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Movie Review of Charlie's Angels: It's a wildly entertaining movie



Charlie's angels

Cast: Kristen Stewart, Naomi Scott, Ella Balinska, Elizabeth Banks, Imim Jounsu, Sam Claflin, Noah Centineo, Patrick Stewart

Instruction: Elizabeth Banks

This 118-minute hurricane-spy thriller is the latest large-screen spin on 1970s TV series and a pair of films released in the early 2000s. It's a spiritual eye candy with a strong feminist streak, but it's light on content.

The film is about three female spies – the Angels – working for a private security and investigation agency, called the Townsend Agency. The agency is owned by an anonymous millionaire named Charlie who performs his missions through Bossley, his agent or second in command.

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While the basic premise of the film will be familiar to anyone who has ever watched an original TV show or previous film, it bears no resemblance to earlier versions of "Charlie's Angels."

The agency is now growing and has a global presence. There are the smartest and most qualified women around the world – more Angels teams led by more Boschs. One usefully explains: "Bosniaks are now ranked as lieutenants."

The film opens in Rio de Janeiro, with Sabina Wilson (Kristen Stewart) in a blond wig thickening her lure to Nyon Smith (Chris Pang), a criminal figure, as part of a cover-up operation. Entering how to help her out in the corner is former MI-6 agent Jane Kano (Ella Balinska). Together, they put their lives on the line to succeed.

A year later the two merge in Paris to rescue Elena Hafflin (Naomi Scott), a young systems engineer who is a key asset in a company that created Callisto, a new sustainable alternative energy source that has an unfortunate side effect. : It could kill people. So, in the wrong hands, Callisto can be armed as an instrument of mass murder.

The Angels, Sabina and Janeine along with Rebecca (Elizabeth Banks) as their Bosley about the case, reveal the secret plot.

At first this seems like a simple task, but soon the plot gets complicated and the situation becomes dangerous, with Elena becoming rotten. Fortunately, the other two women take Elena under their wing and she becomes Angel Training.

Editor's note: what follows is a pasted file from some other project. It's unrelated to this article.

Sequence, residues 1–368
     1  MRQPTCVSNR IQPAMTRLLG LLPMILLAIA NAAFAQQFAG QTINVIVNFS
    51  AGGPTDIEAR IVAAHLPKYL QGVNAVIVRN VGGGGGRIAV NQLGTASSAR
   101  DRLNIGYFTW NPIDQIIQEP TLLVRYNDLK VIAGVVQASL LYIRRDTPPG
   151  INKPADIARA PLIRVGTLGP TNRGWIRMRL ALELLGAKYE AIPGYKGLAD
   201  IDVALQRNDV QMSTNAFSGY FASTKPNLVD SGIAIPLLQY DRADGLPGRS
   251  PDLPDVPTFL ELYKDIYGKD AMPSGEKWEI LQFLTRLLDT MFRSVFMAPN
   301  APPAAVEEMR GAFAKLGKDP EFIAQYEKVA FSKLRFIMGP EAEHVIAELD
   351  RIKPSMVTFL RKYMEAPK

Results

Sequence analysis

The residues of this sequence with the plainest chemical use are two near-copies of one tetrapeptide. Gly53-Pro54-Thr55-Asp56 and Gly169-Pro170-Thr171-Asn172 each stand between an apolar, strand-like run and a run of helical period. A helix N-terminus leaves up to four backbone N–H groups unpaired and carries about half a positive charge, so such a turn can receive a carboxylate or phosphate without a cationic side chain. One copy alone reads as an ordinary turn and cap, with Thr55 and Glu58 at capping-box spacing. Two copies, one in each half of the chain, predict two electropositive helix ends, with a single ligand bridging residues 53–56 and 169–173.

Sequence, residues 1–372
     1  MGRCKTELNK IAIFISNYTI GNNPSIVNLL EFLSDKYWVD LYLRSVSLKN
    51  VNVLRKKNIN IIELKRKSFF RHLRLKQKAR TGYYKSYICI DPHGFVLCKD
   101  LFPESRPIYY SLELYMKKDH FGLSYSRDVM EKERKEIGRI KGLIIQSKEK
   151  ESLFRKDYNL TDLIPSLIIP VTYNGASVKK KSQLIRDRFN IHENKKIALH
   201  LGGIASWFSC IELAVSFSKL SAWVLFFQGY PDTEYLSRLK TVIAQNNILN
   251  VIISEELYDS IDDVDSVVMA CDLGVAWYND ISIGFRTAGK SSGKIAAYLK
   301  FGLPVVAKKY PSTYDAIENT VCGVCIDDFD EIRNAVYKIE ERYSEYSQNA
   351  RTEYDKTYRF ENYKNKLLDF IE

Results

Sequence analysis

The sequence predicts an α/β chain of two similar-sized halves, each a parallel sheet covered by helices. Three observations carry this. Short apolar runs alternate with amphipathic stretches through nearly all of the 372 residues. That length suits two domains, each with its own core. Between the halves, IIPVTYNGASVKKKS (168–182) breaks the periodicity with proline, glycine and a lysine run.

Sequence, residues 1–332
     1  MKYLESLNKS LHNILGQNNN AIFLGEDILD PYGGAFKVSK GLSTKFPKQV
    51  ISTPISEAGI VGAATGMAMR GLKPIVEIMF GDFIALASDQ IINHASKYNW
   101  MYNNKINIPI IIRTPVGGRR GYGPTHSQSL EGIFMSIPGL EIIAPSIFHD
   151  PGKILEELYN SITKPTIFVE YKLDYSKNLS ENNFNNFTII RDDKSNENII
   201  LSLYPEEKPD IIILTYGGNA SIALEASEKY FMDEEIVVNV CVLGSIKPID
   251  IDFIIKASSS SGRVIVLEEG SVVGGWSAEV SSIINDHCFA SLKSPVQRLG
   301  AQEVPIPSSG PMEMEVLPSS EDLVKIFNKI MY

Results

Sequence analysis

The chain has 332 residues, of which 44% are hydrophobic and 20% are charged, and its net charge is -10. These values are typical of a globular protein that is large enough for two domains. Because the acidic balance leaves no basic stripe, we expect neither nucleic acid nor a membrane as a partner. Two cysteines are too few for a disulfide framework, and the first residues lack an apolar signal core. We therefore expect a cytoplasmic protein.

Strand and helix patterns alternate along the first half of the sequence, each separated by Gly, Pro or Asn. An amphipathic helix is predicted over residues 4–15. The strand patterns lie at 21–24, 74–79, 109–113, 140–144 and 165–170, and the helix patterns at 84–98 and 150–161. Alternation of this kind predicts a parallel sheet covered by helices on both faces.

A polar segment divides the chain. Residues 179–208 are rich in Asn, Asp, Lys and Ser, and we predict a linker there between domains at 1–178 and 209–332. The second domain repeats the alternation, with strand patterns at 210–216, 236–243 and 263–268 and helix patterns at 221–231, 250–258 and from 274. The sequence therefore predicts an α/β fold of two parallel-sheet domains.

Writer-director Elizabeth Banker's script initially shows the potential for outstanding comedy, but soon yields to a predictable action plot that appears generic with perfectly stylized and manicured scenes that are inexplicable in nature.

The first act is in the center of Elena, who is subjected to a game according to the rules of her male superiors. The second act focuses on Janeine and Sabina and they don't even have a bow. The movie becomes fun to watch, only in the third act during the final act.

The cast is generally attractive and seems to have a great friendship. They seem to have a good time delivering stable dialogue with bad lines in awkward situations.

While Kristen Stewart and Ella Balinska looked chic, this rogmara is lost to Naomi Scott, who used to admire us as Princess Jasmine in Aladdin.

Males – Athonathan Tucker as Hodak, threatening to tattoo a bad man, Patrick Stewart as Johnny the original Bosley retired, Sam Claflin as the fifty incompetent boss of Elena Alexander Alexander Brock and Louise Gerrett as Louise Gerrett and Louise Gerd their moments of glory on the screen and make their presence felt with all seriousness.

Overall, the film, while talking about "the power of the girls", is wildly entertaining despite not allowing you to invest yourself emotionally.

Rating: 2.5 / 5

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